Butterflies and Helicopters

July 9, 2014

I’m doing as much as I know how to attract butterflies to my garden. For example, I’ve planted a butterfly bush and milkweed plants. I do this because these plants are supposed to attract butterflies and bees, and I know butterflies and bees are essential to producing vegetables.
One of the greatest miracles any person can observe is to watch a butterfly emerge from a cocoon. It was as wondrous to me last summer as the first time I saw it occur when I was a young child, when I first saw a butterfly emerge with damp, shriveled wings. 
I was told then that we shouldn’t interfere, that we shouldn’t help the butterfly escape the cocoon and shouldn’t help spread the wings. We had to let the butterfly struggle. We were instructed that the struggle would give strength to the wings, and that would be essential to the butterfly’s survival.
Childhood is much like this, but too often helicopter parents intervene and interfere with the growth process and, ultimately, weaken their children’s ability to fend for themselves, to overcome adversity and to take flight.
Helicopter parents endanger our butterfly children.

Cheering for Sportsmanship

July 31, 2018

(This blog first appeared on MHSAA.com on January 8, 2013.)

I try to start each new school year at the Michigan Interscholastic Press Association summer camp at Michigan State University. I talk briefly about who the MHSAA is and what it does; and then two or three dozen high school newspaper editors and writers ask me questions; and in doing so, they give me clues to what’s going on in our schools and what’s important to our students.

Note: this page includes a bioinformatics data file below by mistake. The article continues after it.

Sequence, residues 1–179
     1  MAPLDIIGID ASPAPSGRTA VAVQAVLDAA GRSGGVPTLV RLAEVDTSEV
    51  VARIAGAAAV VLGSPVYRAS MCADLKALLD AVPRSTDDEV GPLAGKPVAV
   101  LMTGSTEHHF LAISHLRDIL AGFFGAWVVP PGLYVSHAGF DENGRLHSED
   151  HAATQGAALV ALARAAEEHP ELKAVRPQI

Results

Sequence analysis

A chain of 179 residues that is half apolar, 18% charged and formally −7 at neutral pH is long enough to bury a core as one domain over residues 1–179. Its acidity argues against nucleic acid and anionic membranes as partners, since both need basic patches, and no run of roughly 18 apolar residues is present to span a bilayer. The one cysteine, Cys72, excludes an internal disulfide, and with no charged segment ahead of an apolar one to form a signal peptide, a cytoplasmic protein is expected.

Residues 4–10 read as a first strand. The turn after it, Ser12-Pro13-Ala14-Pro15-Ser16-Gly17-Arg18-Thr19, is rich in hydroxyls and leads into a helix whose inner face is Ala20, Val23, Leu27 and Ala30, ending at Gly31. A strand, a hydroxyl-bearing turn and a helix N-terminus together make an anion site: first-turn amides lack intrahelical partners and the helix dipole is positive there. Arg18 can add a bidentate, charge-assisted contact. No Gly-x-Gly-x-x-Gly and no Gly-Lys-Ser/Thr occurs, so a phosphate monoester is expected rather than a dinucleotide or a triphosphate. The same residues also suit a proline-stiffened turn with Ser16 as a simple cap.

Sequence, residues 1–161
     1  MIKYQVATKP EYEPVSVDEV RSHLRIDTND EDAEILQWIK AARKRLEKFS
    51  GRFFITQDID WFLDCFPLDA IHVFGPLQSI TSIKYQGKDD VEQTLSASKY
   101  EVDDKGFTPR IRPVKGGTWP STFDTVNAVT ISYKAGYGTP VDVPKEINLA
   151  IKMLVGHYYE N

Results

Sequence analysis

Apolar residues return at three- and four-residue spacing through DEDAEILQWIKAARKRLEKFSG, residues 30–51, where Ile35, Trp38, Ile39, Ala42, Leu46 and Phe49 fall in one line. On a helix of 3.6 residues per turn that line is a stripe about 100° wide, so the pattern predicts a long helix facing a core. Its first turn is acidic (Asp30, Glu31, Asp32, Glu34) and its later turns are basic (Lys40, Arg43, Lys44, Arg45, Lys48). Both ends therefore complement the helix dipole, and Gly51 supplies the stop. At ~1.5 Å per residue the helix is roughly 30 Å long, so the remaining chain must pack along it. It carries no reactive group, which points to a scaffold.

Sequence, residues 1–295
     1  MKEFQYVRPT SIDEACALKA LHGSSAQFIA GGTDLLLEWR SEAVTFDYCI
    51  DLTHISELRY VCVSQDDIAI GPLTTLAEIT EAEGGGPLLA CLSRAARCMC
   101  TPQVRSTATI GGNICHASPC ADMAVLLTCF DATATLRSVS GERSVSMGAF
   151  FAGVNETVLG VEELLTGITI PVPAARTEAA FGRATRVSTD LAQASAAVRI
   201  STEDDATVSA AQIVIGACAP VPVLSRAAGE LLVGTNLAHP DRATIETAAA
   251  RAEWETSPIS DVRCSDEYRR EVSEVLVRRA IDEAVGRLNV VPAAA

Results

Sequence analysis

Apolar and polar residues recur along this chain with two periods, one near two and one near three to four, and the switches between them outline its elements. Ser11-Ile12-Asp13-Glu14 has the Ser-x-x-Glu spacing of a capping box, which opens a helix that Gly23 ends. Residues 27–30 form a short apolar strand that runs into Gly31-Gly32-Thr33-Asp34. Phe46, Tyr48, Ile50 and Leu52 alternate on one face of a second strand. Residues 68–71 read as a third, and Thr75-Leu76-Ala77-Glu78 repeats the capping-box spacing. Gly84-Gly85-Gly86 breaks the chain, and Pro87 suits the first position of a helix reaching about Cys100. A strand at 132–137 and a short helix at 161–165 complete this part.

Several years ago, when I opened the session to questions, one young man asked: “Mr. Roberts, what’s your job?” I paused, and then said, “I guess I’m the head cheerleader for high school sports in Michigan.”

So then this precocious student asked: “Okay, what do you cheer for?”  With a briefer pause, this is some of what I said:

  • I cheer for sportsmanship that’s not merely good, but great.

  • I cheer for sportsmanship, not gamesmanship.

  • I cheer for playing by the rules, both the letter and the spirit.

  • I cheer for maximum effort to try to win each and every contest.

  • I don’t cheer for winning at any cost; I do cheer for learning at every opportunity.

  • I cheer for losing with grace and for winning with even greater grace, with humility and modesty.

  • I cheer for the lessons of victory and the even greater lessons of defeat.